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Last Safe Place on Earth

3.34 of 5 stars 3.34  ·  rating details  ·  148 ratings  ·  28 reviews
Walden Woods. It looked good to me. It Looked like a place without any surprises. And I guess you could say it was pretty much perfect, the last safe place on earth.

Todd is geared up for tenth grade, and it's a busy fall in his house on Tranquillity Lane, where everyone has a full schedule. Then he finds the perfect girl, right on his own doorstep. Laurel Kellerman baby-si
Hardcover, 161 pages
Published March 1st 1995 by Delacorte Press
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Jun 27, 2008 Vsw rated it 2 of 5 stars  ·  review of another edition
Recommends it for: Teachers who might excerpt selections to use to talk about censorship
Recommended to Vsw by: Johnson (2006) textbook
I worry a little about posting this as my first contribution to our class discussion because, in general, I think that reviews should be "critical" in the balanced sense of the word. This is hard when you didn't enjoy the book and you had concerns about its message!

I read The Last Safe Place on Earth because it was described in our textbook (p. 203) as a good book to use to help students think about issues of fundamentalism and censorship. I thought this might be a book that people in our class
Brennan Marsh
The theme of the book The last safe place on Earth would be changes because in this book a boy name Todd starts to find out about what goes on in Lauren's family, so his prospective on her and her family changes. The conflict in this book would be when Lauren's Christian group tries to ban Halloween so they try to brainwash the kids who participate in Halloween (mostly younger kids). The sign-post used in this book would be again and again because Lauren and her group keep trying to brainwash th ...more
I am done reading the book, The Last Safe Place on Earth. I gave this book 4 stars. It had 161 pages in it. The author of the book was Richard Peck. I thought this book was trilling and unpredictable. My favorite part of the book was when a boy named Billy hur this mom. She had to go to the hospital. Their dad wasn't homebwcause he was looking for a job. I think this book is good for kids that like to read mystery/adventure books.
Strictly on a bell curve, in comparison to other Richard Peck books, this deserves only three stars. The first half of the book depicts a family who has moved to a newer, more upscale neighborhood with the goal of finding a safer place for the children and a better school. Based on appearances alone, the family seems to have accomplished those goals. However, just after midway in the book, the appearances begin to unravel to show the underlying and unhappy truth. The book addresses insidious pre ...more
Adi Muhtarevic
I had just finished "The Last Safe Place On Earth" and I thought it was okay. It is about a boy named Todd that is 15 years old and he think Walden Woods is a really nice place to live. In the book it is based around Halloween, during this time many people's houses were getting vandalized. Also many planned car crashes were happening plus people were dying and getting sick, it was ridiculous. Then one night Todd was driving home and spots a random person walking in the street. Todd pulled up nex ...more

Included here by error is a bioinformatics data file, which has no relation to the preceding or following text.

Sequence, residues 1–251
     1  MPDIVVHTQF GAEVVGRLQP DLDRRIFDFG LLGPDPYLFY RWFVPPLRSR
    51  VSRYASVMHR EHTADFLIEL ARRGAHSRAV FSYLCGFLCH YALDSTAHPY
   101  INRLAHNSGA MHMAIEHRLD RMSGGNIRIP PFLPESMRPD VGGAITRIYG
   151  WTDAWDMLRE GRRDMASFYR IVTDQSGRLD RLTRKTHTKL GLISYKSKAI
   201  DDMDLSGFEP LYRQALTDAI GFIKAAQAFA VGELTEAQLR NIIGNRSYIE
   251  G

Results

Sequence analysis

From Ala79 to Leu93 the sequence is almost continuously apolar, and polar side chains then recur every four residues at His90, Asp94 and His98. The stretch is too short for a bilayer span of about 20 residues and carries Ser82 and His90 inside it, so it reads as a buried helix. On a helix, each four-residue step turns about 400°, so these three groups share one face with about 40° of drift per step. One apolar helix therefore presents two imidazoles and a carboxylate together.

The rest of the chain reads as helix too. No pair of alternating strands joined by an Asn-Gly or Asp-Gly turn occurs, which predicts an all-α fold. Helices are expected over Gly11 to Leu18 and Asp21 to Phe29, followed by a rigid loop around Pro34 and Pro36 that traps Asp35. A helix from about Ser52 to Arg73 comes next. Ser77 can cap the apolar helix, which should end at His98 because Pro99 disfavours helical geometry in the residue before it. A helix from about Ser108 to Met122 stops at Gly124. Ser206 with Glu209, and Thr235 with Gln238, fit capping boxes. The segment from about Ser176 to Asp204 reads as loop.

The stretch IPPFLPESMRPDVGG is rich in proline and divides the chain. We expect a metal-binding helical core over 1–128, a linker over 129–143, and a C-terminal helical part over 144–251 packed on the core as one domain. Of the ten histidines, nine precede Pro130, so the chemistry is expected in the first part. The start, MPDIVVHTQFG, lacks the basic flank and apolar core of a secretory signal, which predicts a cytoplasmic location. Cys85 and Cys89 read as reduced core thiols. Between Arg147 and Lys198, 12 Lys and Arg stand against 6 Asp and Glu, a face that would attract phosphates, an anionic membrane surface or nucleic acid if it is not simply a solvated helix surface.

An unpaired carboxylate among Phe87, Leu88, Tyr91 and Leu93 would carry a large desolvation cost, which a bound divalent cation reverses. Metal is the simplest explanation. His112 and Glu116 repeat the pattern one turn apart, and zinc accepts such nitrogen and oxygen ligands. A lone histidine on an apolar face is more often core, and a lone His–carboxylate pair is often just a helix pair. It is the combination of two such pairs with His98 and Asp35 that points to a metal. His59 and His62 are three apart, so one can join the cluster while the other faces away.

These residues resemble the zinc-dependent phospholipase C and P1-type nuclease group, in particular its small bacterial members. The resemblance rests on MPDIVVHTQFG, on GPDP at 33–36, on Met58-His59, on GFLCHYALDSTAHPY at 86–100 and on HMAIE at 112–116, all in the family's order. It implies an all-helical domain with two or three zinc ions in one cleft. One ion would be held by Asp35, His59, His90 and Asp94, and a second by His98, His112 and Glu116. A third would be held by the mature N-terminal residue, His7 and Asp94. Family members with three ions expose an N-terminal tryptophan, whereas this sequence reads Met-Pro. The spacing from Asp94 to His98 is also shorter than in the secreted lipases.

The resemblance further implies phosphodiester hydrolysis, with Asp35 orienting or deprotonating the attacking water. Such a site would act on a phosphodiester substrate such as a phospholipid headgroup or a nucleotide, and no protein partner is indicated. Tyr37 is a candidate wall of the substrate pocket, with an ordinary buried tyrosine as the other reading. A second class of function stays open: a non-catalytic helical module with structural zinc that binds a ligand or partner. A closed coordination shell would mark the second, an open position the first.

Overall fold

kaitlin ♥
This book is one of the best I have ever read.Its based around the months before and after Halloween.Many things start to happen peoples houses are getting vandilized and many people are dying.People are dying from planned car wrecks and just getting really sick.Well one night when Todd was driving home with his dad he sees someone walking along the street.He pulls over and figures out it was his friend C.E. he asked C.E. what he was doing out so late his response was im walking off my dinner.So ...more
Drab. Dull. Daft. Not the best adjectives for book characters. Yet I found myself goading my spirit into reading this one - just to finish it - just to get to that point where surely it must turn the corner, cross over into the light, do something worthy of a recommendation. Instead the plot twisted far too late into the pages and in a form that was at best contrived and completely missed the beat. The lead-up was, quite simply, boring. The characters completely without attachment. The plot miss ...more
Aug 10, 2007 Kathleen rated it 4 of 5 stars  ·  review of another edition
Recommends it for: Mostly MS or early HS
At first I thought this book was a slog, not nearly as entertaining as some of Peck's other books that I've read. But as I got into it, I really began to appreciate its content much more. The story deals with one family's suburban experience with censorship, intolerance (and discrimination), fear and fundamentalism. A good literary intro for these topics in classroom discussion. Peck's language is richly descriptive and paints a believable story--nothing too extraordinary--and the stakes for the ...more
I didn't particularly like this book. The characters seemed very one-dimensional. It dealt with a family that moves to a "safe" suburban town. Some memebers of the town start protesting certain books that are read in the high school. The group has strong religous beliefs about the devil and don't want any books read that even question that Christianity is the only true religion. One theme of the book is that there are problems everywhere.